The November presidential election is shaping up to have far-reaching implications for the energy industry.
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Donald Trump, who officially became the Republican nominee for president last week, pledged in his primetime address Thursday to support the coal industry and American energy production, echoing past remarks in which the businessman has been critical of the Environmental Protection Agency and President Barack Obama’s regulatory moves.
Trump’s challenger, presumptive Democratic nominee Hillary Clinton, is expected to stand by the Obama administration’s environmental regulations targeting coal. The former Senator also wants to cut U.S. oil consumption by a third through the development of alternative energy projects.
S&P Global Market Intelligence recently issued a wide-ranging report examining the election’s likely impact on various industries, including energy. With sharply contrasting views, the 2016 candidates would lead America’s energy policy on two different paths.
A Clinton victory would be a boon for solar companies and other alternative-energy firms, S&P said. Clinton is targeting a one-third cut to U.S. oil consumption, paired with a national goal of 500 million solar panels by the end of a hypothetical eight-year presidency. S&P estimates that another 100 million to 120 million solar panels would need to be installed to meet that goal. That implies a 20% increase in annual demand. In a four-year term, demand would need to surge 45% each year.
“Generating that kind of growth is possible but highly contingent, in our view, on the continued extension of the Investment Tax Credit (ITC), which is now slated to expire in 2021,” S&P analyst Stewart Glickman wrote in the research note.
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Given stronger federal incentives for solar and other renewables like wind energy—not to mention the prospect of additional regulations—a Clinton administration may spell trouble for oil and natural gas. In particular, oil refiners would feel the effects of Clinton’s plan to tackle crude consumption. The International Energy Agency pegged U.S. oil demand at 19.5 million barrels per day in the first quarter, easily the highest in the world, as cheap gasoline prices encouraged Americans to drive more. Cutting that figure by one-third, or 6.5 million barrels per day, would lead refineries to become underutilized, thus hurting their earnings power. Valero Energy (VLO), Phillips 66 (PSX) and Marathon Petroleum (MPC) are a few companies that might be negatively affected.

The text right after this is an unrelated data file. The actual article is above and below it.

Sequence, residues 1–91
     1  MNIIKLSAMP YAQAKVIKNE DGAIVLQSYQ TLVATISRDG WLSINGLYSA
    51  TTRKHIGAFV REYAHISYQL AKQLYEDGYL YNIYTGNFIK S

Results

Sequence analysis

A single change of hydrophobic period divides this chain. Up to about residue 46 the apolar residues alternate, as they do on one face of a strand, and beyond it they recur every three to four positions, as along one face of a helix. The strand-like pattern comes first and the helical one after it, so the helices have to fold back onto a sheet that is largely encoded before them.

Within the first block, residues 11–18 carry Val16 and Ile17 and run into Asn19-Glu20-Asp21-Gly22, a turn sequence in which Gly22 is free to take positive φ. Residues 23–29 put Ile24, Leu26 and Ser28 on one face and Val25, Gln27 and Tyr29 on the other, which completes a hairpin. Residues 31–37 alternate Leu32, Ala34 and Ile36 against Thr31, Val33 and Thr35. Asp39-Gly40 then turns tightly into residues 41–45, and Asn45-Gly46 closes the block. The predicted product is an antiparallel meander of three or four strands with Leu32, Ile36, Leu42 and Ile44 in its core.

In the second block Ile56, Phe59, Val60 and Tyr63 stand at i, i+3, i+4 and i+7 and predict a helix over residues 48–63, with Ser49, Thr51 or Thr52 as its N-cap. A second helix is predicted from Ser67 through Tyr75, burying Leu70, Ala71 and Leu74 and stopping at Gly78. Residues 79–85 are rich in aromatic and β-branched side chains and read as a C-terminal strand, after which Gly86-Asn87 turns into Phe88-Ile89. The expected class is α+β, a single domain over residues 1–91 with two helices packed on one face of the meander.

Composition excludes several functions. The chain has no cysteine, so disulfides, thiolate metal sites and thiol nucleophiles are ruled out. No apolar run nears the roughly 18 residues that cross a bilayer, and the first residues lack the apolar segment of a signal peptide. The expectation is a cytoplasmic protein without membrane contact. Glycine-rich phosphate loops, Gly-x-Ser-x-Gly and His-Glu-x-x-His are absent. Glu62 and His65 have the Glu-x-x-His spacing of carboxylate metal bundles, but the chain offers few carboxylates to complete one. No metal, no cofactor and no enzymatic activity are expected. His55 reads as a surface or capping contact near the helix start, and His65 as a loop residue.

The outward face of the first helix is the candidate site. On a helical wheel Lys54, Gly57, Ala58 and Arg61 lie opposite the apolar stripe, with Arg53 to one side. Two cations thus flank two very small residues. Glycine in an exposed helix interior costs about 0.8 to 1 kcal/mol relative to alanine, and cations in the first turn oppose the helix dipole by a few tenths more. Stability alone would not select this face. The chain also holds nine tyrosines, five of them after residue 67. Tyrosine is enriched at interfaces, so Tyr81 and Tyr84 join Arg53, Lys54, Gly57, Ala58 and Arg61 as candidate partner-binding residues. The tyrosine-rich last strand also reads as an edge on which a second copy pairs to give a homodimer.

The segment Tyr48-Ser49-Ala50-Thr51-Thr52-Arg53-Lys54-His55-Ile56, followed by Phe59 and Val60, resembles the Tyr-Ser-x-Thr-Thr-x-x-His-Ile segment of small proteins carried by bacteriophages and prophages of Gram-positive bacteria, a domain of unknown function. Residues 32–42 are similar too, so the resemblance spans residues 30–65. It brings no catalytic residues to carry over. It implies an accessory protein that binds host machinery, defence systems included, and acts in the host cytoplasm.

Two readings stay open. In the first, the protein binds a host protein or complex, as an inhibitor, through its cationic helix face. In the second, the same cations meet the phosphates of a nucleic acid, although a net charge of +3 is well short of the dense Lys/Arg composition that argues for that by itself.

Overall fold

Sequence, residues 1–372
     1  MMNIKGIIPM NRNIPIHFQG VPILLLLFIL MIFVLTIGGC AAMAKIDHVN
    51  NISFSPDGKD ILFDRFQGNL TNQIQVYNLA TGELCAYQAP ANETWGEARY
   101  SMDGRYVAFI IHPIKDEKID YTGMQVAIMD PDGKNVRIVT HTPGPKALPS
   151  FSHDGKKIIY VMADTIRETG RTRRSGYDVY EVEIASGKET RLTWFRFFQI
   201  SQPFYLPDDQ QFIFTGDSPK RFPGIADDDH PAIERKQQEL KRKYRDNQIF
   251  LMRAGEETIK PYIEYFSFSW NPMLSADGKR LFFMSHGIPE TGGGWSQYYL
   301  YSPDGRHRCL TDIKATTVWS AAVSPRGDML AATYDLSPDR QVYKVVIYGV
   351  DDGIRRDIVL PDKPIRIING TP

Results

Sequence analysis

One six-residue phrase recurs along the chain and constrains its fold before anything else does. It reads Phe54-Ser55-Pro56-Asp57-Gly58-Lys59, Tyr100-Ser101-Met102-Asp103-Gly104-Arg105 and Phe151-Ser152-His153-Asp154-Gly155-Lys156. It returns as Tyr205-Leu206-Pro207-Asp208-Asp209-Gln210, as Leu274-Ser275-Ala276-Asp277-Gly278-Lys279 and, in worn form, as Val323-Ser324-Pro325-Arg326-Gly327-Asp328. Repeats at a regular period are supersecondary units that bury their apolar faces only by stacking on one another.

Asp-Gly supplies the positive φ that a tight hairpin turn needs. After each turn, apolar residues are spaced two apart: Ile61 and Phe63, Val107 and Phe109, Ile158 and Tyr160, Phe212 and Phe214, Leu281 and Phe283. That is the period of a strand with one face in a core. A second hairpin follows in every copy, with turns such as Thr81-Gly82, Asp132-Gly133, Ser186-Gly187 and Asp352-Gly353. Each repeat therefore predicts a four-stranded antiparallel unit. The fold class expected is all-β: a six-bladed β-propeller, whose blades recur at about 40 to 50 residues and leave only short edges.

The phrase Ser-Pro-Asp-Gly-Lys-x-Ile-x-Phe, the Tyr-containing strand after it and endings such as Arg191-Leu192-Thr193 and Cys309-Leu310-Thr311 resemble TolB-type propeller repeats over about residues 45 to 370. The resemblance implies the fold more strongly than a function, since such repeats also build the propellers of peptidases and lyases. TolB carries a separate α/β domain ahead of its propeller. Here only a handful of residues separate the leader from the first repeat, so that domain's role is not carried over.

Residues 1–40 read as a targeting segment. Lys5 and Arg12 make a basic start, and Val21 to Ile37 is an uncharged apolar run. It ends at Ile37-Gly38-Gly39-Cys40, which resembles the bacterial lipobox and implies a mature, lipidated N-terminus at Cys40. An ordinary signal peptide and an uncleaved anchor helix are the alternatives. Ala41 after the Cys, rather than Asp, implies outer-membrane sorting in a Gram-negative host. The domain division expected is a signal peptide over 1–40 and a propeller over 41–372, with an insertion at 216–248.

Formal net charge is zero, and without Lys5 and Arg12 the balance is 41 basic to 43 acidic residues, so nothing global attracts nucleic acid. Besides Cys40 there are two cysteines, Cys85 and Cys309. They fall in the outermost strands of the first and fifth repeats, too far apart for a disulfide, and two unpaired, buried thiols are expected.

No matter who wins in November, S&P doesn’t foresee alternative energy reaching a point of cost competitiveness with fossil fuels at least until after the next four-year term.
A Trump presidency would be good news for the oil and gas industry, as well as coal. In an energy-policy speech delivered in May, Trump criticized President Obama for stopping TransCanada’s (TRP) Keystone XL pipeline, working to scale back drilling on federal land and targeting coal-fired power plants with new emissions rules. Peabody Energy (BTUUQ), the nation’s largest coal company, joined many of its rivals when it filed for bankruptcy in April.
Trump has said he will remove obstacles for energy exploration and support all forms of energy without picking “winners and losers,” according to his remarks in May.
S&P believes Trump could seek to cut the ITC, and a significant reduction to those tax credits has the potential to drag solar installation demand as much as 60% lower. In turn, near-term demand for fossil fuels would grow.
Trump’s energy plans should offer a “mild tailwind” for oil and gas companies such as Valero, Glickman wrote.
Larger energy firms, namely Exxon Mobil (XOM) and Chevron (CVX), are also poised to see positive or negative trends depending on the vote. However, their international exposure should soften the blow either way.